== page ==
Apparently, it is not by accident that the traits that make up the negative motoboy stereotype described by Diniz et al. (2005) - "imprudence," "audacity," "recklessness," "incivility," "thrill seeking" - coincide so closely with values and behaviors historically associated with masculinity (Connell, 1997; Keijzer, 1998; Kimmel, 1998; Olavarría, 2004). Similarly, we believe it is by now evident that the ties of brotherhood that are established to varying degrees among motorcycle club members have a common denominator: They are bonds of cooperation between brothers, i.e., between men. The motorcycling universe is full of groups of men who consider the motorcycle an essential part of their identity.

Contrary to what we would be led to believe under the dangerous-activity perspective, which is essential to the establishment of Traffic Psychology and the implementation of a psychological assessment system for drivers in Brazil (Diniz et al., 2005; Silva & Günther, 2009), one possible hypothesis is that individuals' driving behavior is not influenced by their idiosyncrasies, personalities and psychobiological tendencies alone, but also by their membership in social groups that exceed them and of which they feel they are a part.

Such assumptions, which are not completely unrelated to various studies cited above, were specifically systematized by Henri Tajfel (1982, 1983) in his Social Identity Theory (Amâncio, 1997; Deschamps & Moliner, 2009). The theory's relevance resides in the fact that it enables us to conceptually operationalize the connection between the realms of psychology and sociology, that is, the relationship between one's self and one's perception of belonging to a group.

Tajfel (1983) defined social identity as "the portion of an individual's self-concept that derives from his sense of belonging to a social group (or groups), along with the emotional and value-based significance associated with such belonging" (p. 290). It thus involves one, two or all three of the following elements: cognitive, or awareness of belonging; evaluative, or a positive or negative assessment of the group and/or of one's belonging to the group; and an emotional investment in the group itself or in groups with which one perceives one has a relationship.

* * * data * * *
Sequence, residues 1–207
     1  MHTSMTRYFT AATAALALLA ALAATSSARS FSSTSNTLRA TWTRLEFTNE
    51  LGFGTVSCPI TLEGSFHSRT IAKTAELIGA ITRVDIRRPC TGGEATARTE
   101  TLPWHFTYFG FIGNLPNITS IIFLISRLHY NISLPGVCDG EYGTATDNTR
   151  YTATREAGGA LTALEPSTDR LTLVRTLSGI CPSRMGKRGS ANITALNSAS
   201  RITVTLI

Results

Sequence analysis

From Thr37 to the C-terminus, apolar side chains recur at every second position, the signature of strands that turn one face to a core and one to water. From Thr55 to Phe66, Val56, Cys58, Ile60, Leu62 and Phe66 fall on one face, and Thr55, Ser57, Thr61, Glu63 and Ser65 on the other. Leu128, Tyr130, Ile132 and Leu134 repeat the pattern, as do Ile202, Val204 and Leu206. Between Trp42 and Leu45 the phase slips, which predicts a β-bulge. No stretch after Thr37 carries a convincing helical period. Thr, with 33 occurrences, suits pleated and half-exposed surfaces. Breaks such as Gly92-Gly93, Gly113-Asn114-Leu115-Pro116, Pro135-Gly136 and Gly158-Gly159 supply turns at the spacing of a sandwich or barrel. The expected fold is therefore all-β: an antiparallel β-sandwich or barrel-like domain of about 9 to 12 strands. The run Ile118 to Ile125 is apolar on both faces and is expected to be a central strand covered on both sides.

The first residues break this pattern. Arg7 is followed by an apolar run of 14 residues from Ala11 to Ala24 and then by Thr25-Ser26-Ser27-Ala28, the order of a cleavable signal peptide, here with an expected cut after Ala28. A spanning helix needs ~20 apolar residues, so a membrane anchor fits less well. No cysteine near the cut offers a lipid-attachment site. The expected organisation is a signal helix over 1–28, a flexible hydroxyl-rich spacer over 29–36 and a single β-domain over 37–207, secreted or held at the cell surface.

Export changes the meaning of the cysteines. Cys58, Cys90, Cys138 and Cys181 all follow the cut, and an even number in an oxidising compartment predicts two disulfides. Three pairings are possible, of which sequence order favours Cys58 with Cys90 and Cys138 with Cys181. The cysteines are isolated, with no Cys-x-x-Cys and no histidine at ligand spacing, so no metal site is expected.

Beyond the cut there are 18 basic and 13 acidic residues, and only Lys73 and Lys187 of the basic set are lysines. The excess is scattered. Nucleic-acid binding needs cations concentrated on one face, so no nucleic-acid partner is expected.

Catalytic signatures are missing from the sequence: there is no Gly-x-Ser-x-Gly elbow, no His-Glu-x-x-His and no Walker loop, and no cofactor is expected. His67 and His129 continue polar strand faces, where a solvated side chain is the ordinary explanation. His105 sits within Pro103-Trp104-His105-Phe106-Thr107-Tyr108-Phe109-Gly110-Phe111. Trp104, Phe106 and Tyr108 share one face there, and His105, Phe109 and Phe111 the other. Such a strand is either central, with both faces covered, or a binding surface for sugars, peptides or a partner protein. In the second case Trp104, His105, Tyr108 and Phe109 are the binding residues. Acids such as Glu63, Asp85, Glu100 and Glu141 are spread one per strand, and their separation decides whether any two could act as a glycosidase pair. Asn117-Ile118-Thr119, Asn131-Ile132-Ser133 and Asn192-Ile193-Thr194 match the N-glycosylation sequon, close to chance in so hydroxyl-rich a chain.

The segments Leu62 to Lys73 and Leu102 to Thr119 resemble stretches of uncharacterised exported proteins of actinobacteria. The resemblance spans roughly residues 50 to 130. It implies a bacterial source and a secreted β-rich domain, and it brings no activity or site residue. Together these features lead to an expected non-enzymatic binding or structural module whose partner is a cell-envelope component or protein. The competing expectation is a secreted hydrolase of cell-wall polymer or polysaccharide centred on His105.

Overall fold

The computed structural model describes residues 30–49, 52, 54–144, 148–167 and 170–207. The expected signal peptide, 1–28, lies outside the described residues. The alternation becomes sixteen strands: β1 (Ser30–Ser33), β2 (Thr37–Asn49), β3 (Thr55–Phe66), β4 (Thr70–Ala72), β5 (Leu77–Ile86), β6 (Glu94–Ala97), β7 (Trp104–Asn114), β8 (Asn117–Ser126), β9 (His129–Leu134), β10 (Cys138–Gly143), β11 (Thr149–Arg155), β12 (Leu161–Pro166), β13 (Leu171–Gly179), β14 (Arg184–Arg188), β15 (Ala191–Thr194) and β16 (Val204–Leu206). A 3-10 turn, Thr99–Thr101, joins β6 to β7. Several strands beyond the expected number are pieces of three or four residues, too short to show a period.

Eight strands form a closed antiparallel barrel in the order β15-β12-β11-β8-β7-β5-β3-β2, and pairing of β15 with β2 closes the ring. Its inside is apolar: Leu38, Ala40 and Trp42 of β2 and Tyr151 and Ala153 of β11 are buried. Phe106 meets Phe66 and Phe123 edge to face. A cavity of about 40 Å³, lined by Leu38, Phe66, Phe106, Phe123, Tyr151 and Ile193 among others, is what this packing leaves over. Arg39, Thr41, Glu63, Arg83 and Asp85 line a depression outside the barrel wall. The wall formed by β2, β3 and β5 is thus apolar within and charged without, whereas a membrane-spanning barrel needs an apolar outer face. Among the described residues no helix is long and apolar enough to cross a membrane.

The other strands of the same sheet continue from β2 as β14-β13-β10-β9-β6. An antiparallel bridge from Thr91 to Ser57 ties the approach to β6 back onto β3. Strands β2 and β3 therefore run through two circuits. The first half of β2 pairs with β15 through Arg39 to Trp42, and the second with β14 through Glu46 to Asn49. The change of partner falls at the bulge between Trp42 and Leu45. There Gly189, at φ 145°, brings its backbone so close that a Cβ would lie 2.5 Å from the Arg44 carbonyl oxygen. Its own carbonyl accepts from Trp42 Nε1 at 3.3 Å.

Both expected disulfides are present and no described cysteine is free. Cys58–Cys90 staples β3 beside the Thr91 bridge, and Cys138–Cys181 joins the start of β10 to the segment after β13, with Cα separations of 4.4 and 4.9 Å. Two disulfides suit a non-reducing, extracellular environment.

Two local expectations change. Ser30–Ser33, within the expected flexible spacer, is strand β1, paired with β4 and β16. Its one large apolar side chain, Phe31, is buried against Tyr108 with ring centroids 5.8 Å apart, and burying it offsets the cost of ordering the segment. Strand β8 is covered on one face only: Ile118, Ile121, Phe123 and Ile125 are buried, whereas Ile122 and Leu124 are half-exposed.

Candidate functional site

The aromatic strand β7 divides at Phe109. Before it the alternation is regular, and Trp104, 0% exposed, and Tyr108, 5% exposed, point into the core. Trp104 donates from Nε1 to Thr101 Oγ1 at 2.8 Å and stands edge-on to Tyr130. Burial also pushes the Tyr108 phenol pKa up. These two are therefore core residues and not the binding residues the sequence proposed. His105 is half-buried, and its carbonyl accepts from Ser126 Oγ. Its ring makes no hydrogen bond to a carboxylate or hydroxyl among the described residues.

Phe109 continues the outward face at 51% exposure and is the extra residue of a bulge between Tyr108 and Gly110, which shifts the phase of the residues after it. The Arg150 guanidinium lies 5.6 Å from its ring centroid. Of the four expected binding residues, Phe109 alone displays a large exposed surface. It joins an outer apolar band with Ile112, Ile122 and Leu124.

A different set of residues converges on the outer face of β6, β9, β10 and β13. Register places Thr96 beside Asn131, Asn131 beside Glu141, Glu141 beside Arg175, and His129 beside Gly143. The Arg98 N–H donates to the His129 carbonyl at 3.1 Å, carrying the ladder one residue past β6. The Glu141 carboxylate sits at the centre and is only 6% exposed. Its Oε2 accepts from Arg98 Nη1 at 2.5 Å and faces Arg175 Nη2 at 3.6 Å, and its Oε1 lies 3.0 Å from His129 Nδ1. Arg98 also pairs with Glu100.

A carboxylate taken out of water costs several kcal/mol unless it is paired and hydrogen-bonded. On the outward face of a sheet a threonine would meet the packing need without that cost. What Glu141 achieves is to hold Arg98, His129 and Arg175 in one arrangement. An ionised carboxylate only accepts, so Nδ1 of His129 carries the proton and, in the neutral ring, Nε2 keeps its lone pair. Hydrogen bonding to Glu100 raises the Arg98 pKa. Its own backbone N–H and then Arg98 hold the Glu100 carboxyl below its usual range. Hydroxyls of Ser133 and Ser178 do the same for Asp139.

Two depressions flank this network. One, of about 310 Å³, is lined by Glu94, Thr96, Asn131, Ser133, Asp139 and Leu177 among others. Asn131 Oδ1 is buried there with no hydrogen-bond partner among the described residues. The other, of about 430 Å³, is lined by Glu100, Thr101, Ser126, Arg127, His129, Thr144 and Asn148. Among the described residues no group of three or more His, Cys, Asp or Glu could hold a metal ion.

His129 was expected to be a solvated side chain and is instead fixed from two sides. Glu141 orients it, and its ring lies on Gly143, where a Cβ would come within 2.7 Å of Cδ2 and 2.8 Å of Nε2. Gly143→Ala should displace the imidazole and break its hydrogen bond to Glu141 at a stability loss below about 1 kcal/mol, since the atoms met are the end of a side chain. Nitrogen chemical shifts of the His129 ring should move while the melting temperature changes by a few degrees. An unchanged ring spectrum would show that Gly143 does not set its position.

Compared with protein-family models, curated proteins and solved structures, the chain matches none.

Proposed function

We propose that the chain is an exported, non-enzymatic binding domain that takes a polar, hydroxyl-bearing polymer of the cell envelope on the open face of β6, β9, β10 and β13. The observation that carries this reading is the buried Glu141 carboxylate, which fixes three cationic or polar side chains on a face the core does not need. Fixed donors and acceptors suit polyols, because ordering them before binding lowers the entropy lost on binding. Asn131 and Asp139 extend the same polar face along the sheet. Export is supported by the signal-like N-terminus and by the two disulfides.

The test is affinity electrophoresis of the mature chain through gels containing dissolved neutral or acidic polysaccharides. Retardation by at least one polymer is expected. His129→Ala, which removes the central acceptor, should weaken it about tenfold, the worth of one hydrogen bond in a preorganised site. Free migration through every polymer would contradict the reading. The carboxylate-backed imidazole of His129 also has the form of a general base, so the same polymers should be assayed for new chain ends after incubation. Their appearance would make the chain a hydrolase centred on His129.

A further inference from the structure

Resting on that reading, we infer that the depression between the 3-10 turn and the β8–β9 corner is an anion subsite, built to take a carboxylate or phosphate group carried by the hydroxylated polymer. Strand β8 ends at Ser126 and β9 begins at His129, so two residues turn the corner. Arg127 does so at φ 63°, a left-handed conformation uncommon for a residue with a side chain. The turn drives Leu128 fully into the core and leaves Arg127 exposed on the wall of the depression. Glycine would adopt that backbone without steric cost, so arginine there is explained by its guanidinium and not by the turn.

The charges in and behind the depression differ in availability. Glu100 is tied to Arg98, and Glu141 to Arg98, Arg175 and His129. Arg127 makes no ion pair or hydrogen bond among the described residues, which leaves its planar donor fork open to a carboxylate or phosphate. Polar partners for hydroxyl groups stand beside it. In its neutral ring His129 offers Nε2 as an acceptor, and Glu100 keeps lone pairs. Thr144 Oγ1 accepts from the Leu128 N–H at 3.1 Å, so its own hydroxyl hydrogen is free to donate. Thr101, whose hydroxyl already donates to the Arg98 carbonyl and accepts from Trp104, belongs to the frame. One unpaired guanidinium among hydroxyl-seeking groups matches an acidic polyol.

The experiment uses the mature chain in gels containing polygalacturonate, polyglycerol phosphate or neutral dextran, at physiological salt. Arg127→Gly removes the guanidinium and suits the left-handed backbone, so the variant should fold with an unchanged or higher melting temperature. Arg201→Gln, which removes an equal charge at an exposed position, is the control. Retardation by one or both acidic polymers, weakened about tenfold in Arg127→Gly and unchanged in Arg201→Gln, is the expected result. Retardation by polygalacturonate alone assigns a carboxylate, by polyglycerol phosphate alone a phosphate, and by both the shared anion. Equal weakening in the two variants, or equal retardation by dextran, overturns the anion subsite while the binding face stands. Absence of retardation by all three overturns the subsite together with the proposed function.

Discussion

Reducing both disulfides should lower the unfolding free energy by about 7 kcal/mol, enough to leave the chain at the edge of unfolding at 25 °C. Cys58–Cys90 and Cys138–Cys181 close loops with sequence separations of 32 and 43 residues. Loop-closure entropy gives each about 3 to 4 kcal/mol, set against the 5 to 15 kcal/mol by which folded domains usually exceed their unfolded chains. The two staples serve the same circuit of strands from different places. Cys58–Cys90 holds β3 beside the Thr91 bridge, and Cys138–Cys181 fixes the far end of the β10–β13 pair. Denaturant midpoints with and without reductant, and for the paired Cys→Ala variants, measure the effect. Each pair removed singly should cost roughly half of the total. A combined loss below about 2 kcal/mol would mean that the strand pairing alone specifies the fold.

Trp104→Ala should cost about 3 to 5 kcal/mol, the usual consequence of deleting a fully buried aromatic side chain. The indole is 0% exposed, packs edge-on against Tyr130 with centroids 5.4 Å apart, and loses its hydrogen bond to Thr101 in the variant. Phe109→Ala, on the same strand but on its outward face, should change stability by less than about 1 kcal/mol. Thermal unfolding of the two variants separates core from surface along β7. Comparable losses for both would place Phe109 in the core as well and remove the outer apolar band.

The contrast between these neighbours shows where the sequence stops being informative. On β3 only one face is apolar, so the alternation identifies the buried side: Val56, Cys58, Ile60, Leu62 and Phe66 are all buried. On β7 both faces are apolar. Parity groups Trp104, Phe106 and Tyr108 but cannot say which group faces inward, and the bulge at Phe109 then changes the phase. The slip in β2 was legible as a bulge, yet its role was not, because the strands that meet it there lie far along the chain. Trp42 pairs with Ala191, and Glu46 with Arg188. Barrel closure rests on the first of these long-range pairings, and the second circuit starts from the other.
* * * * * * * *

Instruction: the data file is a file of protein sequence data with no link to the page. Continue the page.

Identity is thus not what one "is" or something that one "has" in a stable manner, but rather "a subjective, dynamic phenomenon that results from a two-pronged observation of the similarities and differences between oneself, other people and certain groups "(Deschamps & Moliner, 2009, p. 14). In this manner, social actors are part of a social sphere not only through their awareness of belonging, but also by way of the fact that, upon recognizing that they are similar, they seek to situate themselves in a specific position, distinguishing themselves from groups they do not belong to, while also differentiating themselves in a personally distinct manner (Deschamps & Moliner, 2009; Tajfel, 1982, 1983). Deliberately vague and flexible according to Tajfel (1983), the notion of identity is useful to us inasmuch as it enables us to conduct integrated research focusing both on people's membership in groups that enjoy face-to-face interactions (which is the case of motorcycle deliverymen) and on people's affiliations with broader social categories (in the present case, motorcyclists and the male sex).